Thursday, May 24, 2007

One Small Step for a Cat, One Giant Step for Kittenhood

The kittens have reached the Month Milestone – actually, today was Day 32. So far, they’ve been shambling and shuffling around their bathroom world for the last few days, getting their sea-legs ready and practicing their wrestling moves (which also means wrestling with anything that moves, including my foot). But last night another milestone was reached: I had left the door open to the master bedroom and turned around to capture the moment from perhaps the wrong angle, rather than capturing what might be thought of as the wonder in their eyes:

Here’s one of the orange tabbies (Baker, I think) looking out at this whole new world they’ve just discovered. For a while, they stayed fairly close to Mom – in fact, one time when she hissed (presumably at me), they all went shuffling back to her as if she’d said “Get back here, NOW!” This time, their sense of adventure won out.

But it was another of the orange tabbies – Charlie (left) – who actually crossed over the threshold and was the first to explore the carpet in the bedroom. He went about two feet, then turned and ran back into the safe and familiar bathroom. His eyes were big like he couldn’t wait to tell everybody else: “you won’t believe what’s out there!” Huge, to those who’s spent all their lives so far underneath a toilet tank...

In a way, I feel a bit of that same excitement and uncertainty, moving back into the house I grew up in, getting my childhood bedroom ready to be my composer’s studio.

There are many reasons I’m glad to be leaving midtown Harrisburg behind me, after 24½ years of living in the same neighborhood – certainly before Break-In Season has gotten underway – but I’m not keen on Suburbia, myself, never was even when I was a kid. Still, the older I get and the more reclusive I become – especially when I want to compose – it’s preferable to the noise and inconsiderateness of city living. It’s not ideally quiet, here: the kids across the street have some fairly noisy motorcycles but they’re not bad; more of a problem is the constant whine of the highway 1/4-mile away which never seems to let up, 24/7. The traffic around the mall is absurd and at times it’s like Christmas Shopping even in April, but I’m used to shopping after work, doing my groceries around midnight even if I detest those self-scanning aisles you have to use then (“please put the item back in the bag...”)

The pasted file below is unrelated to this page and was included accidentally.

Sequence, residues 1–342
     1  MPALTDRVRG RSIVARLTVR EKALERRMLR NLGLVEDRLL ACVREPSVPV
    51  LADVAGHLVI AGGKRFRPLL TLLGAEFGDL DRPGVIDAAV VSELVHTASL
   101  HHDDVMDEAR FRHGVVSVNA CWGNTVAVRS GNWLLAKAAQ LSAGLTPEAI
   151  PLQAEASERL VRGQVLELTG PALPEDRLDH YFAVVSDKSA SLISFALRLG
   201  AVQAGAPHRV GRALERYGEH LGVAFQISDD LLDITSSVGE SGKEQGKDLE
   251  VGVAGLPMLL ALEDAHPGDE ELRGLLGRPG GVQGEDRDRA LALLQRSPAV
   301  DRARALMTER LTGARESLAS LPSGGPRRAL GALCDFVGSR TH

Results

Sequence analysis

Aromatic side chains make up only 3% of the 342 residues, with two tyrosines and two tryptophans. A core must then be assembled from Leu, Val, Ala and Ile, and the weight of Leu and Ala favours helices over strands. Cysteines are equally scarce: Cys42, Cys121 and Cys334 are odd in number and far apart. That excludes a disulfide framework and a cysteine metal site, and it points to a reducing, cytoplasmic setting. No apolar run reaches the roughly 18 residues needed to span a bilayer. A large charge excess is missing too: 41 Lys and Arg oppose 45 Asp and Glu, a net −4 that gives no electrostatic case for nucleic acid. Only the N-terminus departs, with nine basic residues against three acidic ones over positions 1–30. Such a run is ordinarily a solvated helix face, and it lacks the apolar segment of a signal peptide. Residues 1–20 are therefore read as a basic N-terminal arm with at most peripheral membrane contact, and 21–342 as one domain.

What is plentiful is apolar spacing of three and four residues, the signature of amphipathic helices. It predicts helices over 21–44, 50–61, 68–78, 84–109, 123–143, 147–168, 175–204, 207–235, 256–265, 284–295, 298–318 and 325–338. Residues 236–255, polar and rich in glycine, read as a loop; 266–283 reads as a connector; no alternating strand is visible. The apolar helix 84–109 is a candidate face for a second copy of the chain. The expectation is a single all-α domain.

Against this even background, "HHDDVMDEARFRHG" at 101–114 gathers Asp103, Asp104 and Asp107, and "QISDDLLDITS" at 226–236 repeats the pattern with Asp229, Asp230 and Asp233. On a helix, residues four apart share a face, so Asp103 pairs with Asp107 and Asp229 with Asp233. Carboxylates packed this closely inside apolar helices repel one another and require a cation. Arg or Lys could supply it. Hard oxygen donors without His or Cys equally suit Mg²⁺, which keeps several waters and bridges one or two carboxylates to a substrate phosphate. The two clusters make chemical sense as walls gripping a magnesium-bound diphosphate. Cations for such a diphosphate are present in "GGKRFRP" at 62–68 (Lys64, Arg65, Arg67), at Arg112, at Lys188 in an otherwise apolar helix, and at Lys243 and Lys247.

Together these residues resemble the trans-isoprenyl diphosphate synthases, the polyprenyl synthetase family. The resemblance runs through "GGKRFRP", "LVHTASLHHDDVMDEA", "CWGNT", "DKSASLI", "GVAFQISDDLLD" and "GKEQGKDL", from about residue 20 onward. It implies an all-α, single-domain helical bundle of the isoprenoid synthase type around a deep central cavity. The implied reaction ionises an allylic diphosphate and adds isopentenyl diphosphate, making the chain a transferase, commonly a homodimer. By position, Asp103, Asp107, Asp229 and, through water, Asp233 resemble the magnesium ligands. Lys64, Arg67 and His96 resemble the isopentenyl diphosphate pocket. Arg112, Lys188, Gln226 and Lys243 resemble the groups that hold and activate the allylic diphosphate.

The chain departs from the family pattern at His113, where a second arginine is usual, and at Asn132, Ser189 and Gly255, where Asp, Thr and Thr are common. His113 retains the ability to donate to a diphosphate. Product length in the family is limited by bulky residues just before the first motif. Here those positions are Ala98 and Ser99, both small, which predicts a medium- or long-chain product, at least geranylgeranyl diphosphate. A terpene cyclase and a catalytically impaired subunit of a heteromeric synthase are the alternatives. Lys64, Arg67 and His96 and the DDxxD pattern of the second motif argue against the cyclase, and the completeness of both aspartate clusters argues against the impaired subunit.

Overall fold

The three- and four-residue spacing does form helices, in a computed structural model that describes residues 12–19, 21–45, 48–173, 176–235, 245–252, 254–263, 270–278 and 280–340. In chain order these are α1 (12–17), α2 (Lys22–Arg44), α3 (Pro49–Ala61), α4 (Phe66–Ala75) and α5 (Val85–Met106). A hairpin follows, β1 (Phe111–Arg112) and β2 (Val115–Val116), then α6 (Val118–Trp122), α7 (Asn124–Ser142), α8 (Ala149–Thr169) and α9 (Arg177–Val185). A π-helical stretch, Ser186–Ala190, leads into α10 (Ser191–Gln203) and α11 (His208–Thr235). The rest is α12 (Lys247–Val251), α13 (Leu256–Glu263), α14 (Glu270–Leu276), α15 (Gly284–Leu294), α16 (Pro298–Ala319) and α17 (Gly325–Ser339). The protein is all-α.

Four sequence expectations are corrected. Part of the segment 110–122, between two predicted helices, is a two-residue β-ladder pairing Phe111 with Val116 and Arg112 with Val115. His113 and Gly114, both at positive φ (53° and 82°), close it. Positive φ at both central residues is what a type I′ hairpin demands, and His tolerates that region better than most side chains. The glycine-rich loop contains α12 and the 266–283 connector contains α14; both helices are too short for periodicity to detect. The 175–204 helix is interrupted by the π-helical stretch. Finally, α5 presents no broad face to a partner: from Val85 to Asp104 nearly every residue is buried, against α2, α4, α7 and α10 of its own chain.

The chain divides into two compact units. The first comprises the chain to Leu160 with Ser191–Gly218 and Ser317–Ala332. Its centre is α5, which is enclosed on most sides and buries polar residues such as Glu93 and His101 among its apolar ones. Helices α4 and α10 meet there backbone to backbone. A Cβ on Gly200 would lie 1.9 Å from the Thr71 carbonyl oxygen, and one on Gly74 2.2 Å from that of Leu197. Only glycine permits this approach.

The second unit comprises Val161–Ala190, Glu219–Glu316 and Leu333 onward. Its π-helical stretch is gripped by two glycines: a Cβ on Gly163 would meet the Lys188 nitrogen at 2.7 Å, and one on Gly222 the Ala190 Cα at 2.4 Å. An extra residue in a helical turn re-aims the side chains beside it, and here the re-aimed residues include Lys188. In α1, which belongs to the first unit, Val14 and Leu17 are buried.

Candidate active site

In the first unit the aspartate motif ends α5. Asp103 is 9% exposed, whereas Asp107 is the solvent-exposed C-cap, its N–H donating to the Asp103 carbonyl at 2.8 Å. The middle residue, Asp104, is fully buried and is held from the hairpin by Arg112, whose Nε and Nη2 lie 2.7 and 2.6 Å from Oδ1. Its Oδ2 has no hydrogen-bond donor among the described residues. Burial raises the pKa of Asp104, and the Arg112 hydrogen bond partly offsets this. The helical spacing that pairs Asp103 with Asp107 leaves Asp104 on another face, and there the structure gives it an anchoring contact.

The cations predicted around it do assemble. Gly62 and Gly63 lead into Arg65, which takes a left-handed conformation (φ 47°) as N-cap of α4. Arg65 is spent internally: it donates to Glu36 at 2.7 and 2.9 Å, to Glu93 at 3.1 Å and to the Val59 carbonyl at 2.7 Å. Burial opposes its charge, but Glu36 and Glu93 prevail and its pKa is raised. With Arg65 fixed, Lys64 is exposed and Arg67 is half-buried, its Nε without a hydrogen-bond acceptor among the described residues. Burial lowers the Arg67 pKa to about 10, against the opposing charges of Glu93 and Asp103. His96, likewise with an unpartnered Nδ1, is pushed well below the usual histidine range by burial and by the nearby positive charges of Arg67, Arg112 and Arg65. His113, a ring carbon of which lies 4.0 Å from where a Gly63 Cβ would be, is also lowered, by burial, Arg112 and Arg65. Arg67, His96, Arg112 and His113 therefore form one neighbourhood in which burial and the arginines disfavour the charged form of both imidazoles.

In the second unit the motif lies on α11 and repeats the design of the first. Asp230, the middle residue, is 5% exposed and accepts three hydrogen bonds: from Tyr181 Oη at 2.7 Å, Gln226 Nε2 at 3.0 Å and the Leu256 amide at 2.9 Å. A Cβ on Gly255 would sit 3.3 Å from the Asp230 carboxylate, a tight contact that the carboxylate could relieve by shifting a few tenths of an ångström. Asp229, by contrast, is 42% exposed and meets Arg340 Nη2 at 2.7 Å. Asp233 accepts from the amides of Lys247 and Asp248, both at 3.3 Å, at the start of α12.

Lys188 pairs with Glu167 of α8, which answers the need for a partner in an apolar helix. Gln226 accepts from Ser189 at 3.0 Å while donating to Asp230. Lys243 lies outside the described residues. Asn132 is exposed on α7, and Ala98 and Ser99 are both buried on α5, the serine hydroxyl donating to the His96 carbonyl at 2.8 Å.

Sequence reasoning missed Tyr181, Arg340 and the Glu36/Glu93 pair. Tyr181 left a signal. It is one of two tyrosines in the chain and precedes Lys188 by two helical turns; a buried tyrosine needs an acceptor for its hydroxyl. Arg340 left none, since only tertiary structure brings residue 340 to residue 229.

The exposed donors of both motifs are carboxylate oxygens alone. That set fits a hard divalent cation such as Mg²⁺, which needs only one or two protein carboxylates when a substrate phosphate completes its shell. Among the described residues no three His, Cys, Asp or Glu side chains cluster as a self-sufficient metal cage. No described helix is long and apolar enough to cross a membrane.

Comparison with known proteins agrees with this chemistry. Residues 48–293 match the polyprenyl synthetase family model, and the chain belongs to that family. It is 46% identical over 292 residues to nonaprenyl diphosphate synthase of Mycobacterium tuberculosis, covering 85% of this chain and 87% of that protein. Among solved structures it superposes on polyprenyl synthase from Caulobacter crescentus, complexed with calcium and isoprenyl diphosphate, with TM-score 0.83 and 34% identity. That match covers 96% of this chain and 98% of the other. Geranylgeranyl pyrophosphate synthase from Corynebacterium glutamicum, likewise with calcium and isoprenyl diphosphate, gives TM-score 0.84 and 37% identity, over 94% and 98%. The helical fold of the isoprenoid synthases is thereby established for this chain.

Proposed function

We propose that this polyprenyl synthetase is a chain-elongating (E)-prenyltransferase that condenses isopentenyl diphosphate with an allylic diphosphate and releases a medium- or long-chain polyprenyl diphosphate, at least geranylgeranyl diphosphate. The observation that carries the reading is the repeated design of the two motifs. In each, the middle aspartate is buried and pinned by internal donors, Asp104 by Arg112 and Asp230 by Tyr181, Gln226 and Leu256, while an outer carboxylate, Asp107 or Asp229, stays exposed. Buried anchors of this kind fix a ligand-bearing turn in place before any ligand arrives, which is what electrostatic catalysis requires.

I’m not sorry to no longer be renting, after my latest experience with landlords – the hole in my bathroom ceiling from last December still has the plywood patch over it and the pipes upstairs still leak; the back yard has been mowed once since LAST May – but I have concerns about being a home-owner, now, the financial responsibilities aside.

So, like the kittens, I tend to look around with a sense of awe, especially moving from a small apartment into a house three times as big. I wonder what big changes will be happening in my life, now, two hours before I turn another year older, experiencing my first birthday without my mother here to remind me that I had kept her awake that night until 2am.

There’s a tiny remnant of a red peony in the back yard, the only plant left from the ones that she had brought to the new house from the old one when we moved in 1960. I know those peonies existed in the back yard when I was a year old because I’ve seen them in old photographs. The story has it they were originally my grandmother’s peonies and Mother had transplanted these from her parents’ old house when they moved after World War II because they had been an important part of her own childhood back yard. That could make this plant, at least originally, almost 88 years old if my grandparents planted them when they bought their first house in 1919, the year my mother was born. There had been three plants – the pink one and the white one died over the years, but the red one is still hanging in there. One flower opened this afternoon, so tomorrow I will cut it and put it on her grave.

Change does not have to mean better, nor does it have to imply it could be worse: it just means things will be different. And the challenge is to accept it with the sense of wonder as if you’re discovering it all for the first time, and contemplating the possibilities.

Dr. Dick

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